Nature Nerding in the Northwest: Canada Edition

Over the last year, our family travels have us via plane, train, cruise ship, water taxi, regular taxi, Uber car, London black cab, and gondola across 8 countries and 35 cities. As wonderful and wild as all those adventures have been, we have also tried to focus some wanderings in our Northwest backyard.

Nine years ago, our family of four moved to the lush land of Seattle; however most of our vacations took us from airport to airport. As the last year of my travel sabbatical unfolded from grand adventures to daily routines, there was more time to explore locally.

Below is Part 2 of our Northwest Nature Nerding (see Part 1 here):

Victoria, British Columbia, Canada

Among its many great travel options, Seattle also has numerous islands and cities within ferry distance. Heading to Victoria (the capital of British Columbia) for an overnight visit took it to another level as we would be traveling on the Victoria Clipper, a 300+ passenger high-speed ferry. With passports in hand, we made our way to the Clipper docks before 8 a.m. and crossed the water into British Columbia – a mere 60 miles away from the Seattle docks.

The Clipper is no ordinary ferry as it offers plush seats and, yes please, a bar. The seating is done by groups based on when you bought your tickets so it was a bit of a mad dash to grab four seats but we were aided by a crew member and were soon eating Ellenos Greek yogurt (how had I lived without this?) and watching the waves as we sped along at 40 knots. It took three hours to get to Victoria (compared to 4-6 driving).

Outdoor Gardens

Growing up in a desert, I never developed a green thumb in the land of cacti and gravel. While I can’t list any of the floral names around me, I do have an appreciation for that purple stuff and those really cool white bunchy-things. Victoria is known as “The Garden City” and the Butchart Gardens had long been on my list of places to visit, and it didn’t disappoint.

The Gardens were started by the Butchart family more than 100 years ago as a way to make use of the land remaining after exhausting limestone deposits from the family business. Grandson Ian Ross was given the gardens on his 21st birthday and he spent the next 50 years making it into a well-known floral destination. (As a side note, I’m pretty sure I got a $5 bill from my grandfather for my birthday until I turned 21.)

Getting my pre-teen kids to enjoy an afternoon in the flowers was made easier when we handed them their phones and told them to be photographers. It was interesting to see what made them stop. For Zack, it was the Japanese gardens while Brady was decidedly more English garden. I was mesmerized by colors of the spring tulips and listening to the chatter of the diverse, global travelers.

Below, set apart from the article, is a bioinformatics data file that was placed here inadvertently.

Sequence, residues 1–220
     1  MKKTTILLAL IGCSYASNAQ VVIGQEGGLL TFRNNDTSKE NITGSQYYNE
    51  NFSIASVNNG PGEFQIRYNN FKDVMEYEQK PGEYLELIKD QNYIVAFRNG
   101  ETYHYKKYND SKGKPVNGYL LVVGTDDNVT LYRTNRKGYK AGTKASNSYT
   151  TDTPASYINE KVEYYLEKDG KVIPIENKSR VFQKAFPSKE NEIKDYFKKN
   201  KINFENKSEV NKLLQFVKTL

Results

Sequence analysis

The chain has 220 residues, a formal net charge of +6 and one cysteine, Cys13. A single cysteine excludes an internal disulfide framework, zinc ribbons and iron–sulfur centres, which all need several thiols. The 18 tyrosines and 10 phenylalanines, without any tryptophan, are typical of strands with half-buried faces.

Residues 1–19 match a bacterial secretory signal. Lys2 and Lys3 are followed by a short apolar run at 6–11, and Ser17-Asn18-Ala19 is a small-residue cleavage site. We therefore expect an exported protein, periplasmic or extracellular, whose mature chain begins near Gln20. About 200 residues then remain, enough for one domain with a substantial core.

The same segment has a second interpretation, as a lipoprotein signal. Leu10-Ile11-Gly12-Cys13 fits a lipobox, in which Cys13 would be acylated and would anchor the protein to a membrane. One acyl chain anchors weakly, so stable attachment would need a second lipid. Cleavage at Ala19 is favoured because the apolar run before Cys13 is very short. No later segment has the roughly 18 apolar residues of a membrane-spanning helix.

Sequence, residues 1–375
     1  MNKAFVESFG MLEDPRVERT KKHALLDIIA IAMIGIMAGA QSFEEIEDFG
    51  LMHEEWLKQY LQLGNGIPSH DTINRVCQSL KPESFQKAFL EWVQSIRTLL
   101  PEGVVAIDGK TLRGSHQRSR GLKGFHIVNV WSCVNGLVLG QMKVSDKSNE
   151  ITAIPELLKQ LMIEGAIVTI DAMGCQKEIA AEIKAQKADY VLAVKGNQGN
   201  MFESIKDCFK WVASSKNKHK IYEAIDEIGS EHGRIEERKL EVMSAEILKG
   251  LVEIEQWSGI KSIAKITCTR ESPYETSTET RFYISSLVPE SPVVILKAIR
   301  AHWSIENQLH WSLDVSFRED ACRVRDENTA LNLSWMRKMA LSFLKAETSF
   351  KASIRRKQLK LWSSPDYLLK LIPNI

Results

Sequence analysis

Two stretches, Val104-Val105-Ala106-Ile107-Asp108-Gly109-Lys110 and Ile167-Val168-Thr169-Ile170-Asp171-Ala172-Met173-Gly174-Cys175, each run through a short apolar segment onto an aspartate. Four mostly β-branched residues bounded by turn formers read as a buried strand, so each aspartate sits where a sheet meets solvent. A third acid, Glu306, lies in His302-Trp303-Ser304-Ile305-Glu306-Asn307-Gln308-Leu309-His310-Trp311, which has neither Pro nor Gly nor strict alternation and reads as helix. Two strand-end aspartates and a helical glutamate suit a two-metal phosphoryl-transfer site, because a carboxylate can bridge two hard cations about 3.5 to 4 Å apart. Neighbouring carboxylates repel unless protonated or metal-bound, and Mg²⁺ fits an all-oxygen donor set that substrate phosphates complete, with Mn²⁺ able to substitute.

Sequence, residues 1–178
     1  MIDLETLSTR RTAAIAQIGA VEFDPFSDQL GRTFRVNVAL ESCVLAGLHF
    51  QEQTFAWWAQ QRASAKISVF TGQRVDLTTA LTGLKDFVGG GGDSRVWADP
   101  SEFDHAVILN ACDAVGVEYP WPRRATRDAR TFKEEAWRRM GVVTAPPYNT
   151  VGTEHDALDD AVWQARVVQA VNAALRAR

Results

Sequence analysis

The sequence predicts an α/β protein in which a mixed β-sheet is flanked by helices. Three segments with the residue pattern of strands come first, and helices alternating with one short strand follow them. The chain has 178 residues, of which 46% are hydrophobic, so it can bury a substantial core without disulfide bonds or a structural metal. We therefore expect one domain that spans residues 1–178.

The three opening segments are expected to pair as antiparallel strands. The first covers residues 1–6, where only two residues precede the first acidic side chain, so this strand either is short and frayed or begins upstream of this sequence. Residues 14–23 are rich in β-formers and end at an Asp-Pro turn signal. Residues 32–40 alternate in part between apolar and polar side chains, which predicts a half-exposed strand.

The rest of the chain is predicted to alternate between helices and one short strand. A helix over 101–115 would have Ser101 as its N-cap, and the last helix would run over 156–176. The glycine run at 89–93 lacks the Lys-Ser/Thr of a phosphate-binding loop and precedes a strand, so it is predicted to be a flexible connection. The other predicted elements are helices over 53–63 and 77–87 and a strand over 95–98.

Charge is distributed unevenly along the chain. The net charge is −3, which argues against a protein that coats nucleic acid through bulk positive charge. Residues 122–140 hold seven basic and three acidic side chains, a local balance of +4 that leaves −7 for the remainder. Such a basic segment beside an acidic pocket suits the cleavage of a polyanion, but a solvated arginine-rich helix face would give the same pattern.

Tea for Two

Victoria has a population of 80,000 and the city feels like a friendly neighborhood. We loved wandering the (very clean) streets of Victoria, stopping in a breakfast diner, bookstore, and along Chinatown.

However to fully embrace the Victorian spirit, a high tea was in order.

empressHaving grown up with brothers and having sons, it’s a rare treat to indulge in such dainty pleasures. I was happily surprised when 10-year-old Brady wanted to join me so we went to the Fairmont Empress Hotel.

We noshed on the carb-filled goodness of finger sandwiches, scones, thick cream and jam, and fruit-infused tea. We were surrounded with all different ages and groups of women and I was especially proud of our impromptu mother-son outing.

History with a Non-American View

Full of cucumber sandwiches, we took a stroll through history at the Royal BC Museum. It’s always illuminating to see museums outside of the American point-of-view and the Royal BC had a great section on living languages of the First People (a.k.a. Native Americans).

This interactive exhibit set out to capture the dying languages of the tribes and celebrated the “language keepers” of this generation. It was humbling to think how much has been eroded from modern language, not to mention what the ancestors would think of modern communication via emoji.

We explored the history of the area, by land and sea, and then wandered our way back to the Clipper. Our quick exploration was enough to give us a greater appreciation for our Canadian neighbor and to experience the refined elegance of Victoria, which is now on the Nerd Return List.



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One thought on “Nature Nerding in the Northwest: Canada Edition

  1. Pingback: Wide Open Spaces: Olympic National Park & Transitions | A Year of Life

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